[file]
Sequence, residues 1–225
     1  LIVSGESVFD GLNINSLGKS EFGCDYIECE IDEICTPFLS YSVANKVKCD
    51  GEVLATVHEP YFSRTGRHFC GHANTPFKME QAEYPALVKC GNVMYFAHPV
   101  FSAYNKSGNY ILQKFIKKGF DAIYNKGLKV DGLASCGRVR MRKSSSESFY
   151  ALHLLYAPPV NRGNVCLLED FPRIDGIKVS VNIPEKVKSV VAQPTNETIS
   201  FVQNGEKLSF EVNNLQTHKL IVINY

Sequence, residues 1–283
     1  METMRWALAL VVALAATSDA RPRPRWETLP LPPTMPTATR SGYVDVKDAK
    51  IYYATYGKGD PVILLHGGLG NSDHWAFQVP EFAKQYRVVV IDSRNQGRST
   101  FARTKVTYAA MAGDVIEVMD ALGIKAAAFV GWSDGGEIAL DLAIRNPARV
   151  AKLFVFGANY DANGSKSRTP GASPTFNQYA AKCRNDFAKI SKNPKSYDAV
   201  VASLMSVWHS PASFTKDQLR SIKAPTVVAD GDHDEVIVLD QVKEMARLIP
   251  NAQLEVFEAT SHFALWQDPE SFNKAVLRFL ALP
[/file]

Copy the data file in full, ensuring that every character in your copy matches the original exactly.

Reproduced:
Sequence, residues 1–225
     1  LIVSGESVFD GLNINSLGKS EFGCDYIECE IDEICTPFLS YSVANKVKCD
    51  GEVLATVHEP YFSRTGRHFC GHANTPFKME QAEYPALVKC GNVMYFAHPV
   101  FSAYNKSGNY ILQKFIKKGF DAIYNKGLKV DGLASCGRVR MRKSSSESFY
   151  ALHLLYAPPV NRGNVCLLED FPRIDGIKVS VNIPEKVKSV VAQPTNETIS
   201  FVQNGEKLSF EVNNLQTHKL IVINY

Sequence, residues 1–283
     1  METMRWALAL VVALAATSDA RPRPRWETLP LPPTMPTATR SGYVDVKDAK
    51  IYYATYGKGD PVILLHGGLG NSDHWAFQVP EFAKQYRVVV IDSRNQGRST
   101  FARTKVTYAA MAGDVIEVMD ALGIKAAAFV GWSDGGEIAL DLAIRNPARV
   151  AKLFVFGANY DANGSKSRTP GASPTFNQYA AKCRNDFAKI SKNPKSYDAV
   201  VASLMSVWHS PASFTKDQLR SIKAPTVVAD GDHDEVIVLD QVKEMARLIP
   251  NAQLEVFEAT SHFALWQDPE SFNKAVLRFL ALP